How much will your wedding cost in 2023? Here’s the breakdown — and priciest states

The Sum News

The average wedding this year will cost $29,000.

That’s from the latest report from wedding planning website Zola, which surveyed more than 4,000 couples.It’s up from $28,000 last year.

There are two reasons for the price: inflation and supply and demand.

“Wedding industry vendors have had to raise their rates because they’re also paying more for goods and services like food, flowers and labor,” Emily Forrest, Zola’s director of communications, told CNN.

Wedding budgeting

So what’s included in that wedding budget?

The venue is typically the biggest expense, followed by catering. These are some of the expenses to think about, according to Zola:

  • Wedding venue: $6,500–$12,000

  • Catering: $6,500–$10,000

  • Band or DJ: $2,000–$7,000

  • Wedding planner: $1,500–$4,750

  • Photographer: $3,500–$6,500

  • Videographer: $3,000–$6,000

  • Flowers: $2,500–$6,000

  • Transportation: $700–$1,200

  • Cake: $600–$900

  • Ceremony music: $500–$800

  • Hair and makeup: $550–$850

How to save

Of course, there are ways to save.

  • Focus on values: You can prioritize what matters most to you as a couple. Is having a videographer and a live band a must for you? You can focus on that and save in another category.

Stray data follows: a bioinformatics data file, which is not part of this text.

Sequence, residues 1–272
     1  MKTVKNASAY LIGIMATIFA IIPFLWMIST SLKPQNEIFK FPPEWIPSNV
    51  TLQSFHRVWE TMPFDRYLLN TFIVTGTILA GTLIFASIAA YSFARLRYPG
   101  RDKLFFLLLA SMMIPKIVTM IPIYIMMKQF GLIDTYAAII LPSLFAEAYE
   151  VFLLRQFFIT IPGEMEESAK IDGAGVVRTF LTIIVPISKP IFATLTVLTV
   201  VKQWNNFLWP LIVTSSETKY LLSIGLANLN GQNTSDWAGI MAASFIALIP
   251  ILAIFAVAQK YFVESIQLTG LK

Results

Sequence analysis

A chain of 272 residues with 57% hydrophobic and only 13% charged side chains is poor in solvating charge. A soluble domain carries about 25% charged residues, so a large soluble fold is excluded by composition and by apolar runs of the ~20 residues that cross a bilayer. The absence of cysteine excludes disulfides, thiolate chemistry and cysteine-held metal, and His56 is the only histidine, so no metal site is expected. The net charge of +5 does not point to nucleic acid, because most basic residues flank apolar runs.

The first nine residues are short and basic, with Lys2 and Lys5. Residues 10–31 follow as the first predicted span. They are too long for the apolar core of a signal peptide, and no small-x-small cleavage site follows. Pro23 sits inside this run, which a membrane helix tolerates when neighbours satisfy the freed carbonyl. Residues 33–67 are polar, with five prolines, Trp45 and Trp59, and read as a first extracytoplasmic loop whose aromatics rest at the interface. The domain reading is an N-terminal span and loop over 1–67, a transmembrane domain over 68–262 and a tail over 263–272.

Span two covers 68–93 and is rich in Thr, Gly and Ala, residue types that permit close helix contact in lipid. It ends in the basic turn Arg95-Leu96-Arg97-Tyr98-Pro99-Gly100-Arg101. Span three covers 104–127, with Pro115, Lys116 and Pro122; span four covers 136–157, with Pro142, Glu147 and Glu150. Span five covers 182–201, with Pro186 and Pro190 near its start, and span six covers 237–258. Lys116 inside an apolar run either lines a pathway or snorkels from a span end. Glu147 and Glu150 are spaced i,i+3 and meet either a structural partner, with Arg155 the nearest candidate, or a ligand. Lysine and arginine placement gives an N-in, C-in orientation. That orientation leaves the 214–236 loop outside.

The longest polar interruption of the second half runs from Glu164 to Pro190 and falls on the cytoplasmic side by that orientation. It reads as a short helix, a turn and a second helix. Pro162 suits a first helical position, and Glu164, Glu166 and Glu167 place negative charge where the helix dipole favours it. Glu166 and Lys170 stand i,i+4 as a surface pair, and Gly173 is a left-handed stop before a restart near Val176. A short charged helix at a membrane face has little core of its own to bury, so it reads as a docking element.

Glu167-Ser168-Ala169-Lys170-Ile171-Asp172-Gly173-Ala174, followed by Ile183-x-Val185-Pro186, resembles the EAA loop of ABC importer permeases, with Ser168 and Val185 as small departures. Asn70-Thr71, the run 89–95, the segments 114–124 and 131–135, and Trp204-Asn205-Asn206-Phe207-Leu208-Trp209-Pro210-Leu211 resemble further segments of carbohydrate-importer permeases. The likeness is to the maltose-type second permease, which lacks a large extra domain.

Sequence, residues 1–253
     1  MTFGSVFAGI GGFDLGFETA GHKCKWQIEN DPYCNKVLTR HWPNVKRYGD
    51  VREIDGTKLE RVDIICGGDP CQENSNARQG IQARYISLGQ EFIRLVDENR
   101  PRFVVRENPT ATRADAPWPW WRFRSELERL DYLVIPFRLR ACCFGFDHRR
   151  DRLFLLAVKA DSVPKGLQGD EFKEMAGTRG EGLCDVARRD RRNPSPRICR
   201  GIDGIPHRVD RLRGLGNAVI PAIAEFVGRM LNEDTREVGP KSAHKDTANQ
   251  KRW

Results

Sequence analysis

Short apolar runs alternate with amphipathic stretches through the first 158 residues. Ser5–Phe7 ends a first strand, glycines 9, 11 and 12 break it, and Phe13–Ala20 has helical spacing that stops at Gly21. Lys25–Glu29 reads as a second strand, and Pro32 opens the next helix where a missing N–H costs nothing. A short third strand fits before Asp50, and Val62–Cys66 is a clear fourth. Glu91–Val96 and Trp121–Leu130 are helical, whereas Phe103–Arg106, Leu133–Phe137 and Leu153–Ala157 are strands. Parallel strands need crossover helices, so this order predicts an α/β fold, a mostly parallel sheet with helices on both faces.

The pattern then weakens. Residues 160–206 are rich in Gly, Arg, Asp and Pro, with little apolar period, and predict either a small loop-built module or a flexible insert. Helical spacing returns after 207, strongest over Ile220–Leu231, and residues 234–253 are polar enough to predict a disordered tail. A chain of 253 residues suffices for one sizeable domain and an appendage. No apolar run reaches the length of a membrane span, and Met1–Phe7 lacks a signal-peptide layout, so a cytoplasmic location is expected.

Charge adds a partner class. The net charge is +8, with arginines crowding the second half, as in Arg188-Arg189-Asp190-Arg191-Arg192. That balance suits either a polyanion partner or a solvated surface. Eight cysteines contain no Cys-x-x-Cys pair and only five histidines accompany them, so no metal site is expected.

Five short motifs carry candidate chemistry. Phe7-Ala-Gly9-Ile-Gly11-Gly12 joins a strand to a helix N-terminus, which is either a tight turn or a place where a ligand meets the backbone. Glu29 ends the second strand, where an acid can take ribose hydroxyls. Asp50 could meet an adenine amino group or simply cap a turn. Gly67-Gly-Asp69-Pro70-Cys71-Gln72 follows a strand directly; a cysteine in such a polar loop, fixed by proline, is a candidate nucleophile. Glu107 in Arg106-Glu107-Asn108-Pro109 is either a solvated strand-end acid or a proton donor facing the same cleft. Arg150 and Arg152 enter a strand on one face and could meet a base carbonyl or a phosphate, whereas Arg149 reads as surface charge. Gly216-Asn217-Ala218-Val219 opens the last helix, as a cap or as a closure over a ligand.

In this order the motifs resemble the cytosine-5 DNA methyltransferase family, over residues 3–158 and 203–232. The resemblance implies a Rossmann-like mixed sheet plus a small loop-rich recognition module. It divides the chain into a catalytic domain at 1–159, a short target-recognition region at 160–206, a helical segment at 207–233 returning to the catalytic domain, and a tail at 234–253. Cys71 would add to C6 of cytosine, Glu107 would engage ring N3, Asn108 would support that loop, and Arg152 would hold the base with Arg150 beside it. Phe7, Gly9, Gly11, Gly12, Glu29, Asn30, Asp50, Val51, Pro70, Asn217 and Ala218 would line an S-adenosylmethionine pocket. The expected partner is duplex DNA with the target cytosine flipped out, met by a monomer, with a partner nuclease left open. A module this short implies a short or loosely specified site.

• Thrifting: Think about shopping secondhand to save on wedding outfits and decorations.

  • Cash: consider adding a personalized cash fund to your registry.

Here’s how much weddings cost on average across the country, Zola says:

  • Washington, DC: $45,400

  • New Jersey: $44,219

  • New York: $43,863

  • Massachusetts: $40,097

  • Illinois: $36,844

  • West Virginia: $33,333

  • Pennsylvania: $32,562

  • California: $32,369

  • Connecticut: $31,350

  • Louisiana: $31,100

  • Virginia: $30,205

  • Maryland: $29,928

  • Rhode Island: $29,531

  • South Carolina: $28,456

  • Montana: $28,214

  • North Carolina: $28,170

  • Florida: $28,121

  • Hawaii: $28,000

  • Colorado: $25,625

  • Minnesota: $25,377

  • Georgia: $25,284

  • Wisconsin: $25,242

  • Mississippi: $25,000

  • Kentucky: $24,565

  • Indiana: $24,531

  • Missouri: $24,293

  • Ohio: $24,157

  • Texas: $24,063

  • South Dakota: $23,750

  • Tennessee: $23,698

  • Michigan: $23,586

  • Arizona: $22,845

  • Maine: $22,750

  • New Hampshire: $22,667

  • Nevada: $22,353

  • Washington: $21,352

  • Oregon: $20,955

  • Alabama: $20,208

  • Iowa: $20,000

  • Nebraska: $19,643

  • Delaware: $19,643

  • Kansas: $18,690

  • Utah: $18,409

  • Wyoming: $16,111

  • Idaho: $15,769

  • Vermont: $15,000

  • Arkansas: $14,545

  • Oklahoma: $14,464

  • New Mexico: $13,500

  • North Dakota: $12,917

  • Alaska: $12,083